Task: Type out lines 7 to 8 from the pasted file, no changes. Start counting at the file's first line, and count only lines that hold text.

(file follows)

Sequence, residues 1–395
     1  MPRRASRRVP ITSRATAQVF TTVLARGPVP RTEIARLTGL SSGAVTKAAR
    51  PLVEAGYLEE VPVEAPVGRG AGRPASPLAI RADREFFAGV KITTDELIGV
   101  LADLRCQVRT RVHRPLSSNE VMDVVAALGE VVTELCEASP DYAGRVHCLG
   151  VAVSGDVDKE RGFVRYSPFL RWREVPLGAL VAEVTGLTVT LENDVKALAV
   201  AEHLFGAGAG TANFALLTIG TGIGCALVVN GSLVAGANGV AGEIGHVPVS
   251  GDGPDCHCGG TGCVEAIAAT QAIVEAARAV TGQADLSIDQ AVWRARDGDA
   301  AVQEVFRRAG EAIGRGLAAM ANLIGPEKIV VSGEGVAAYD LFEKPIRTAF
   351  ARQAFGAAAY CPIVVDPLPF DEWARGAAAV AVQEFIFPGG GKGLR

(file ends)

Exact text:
   251  GDGPDCHCGG TGCVEAIAAT QAIVEAARAV TGQADLSIDQ AVWRARDGDA
   301  AVQEVFRRAG EAIGRGLAAM ANLIGPEKIV VSGEGVAAYD LFEKPIRTAF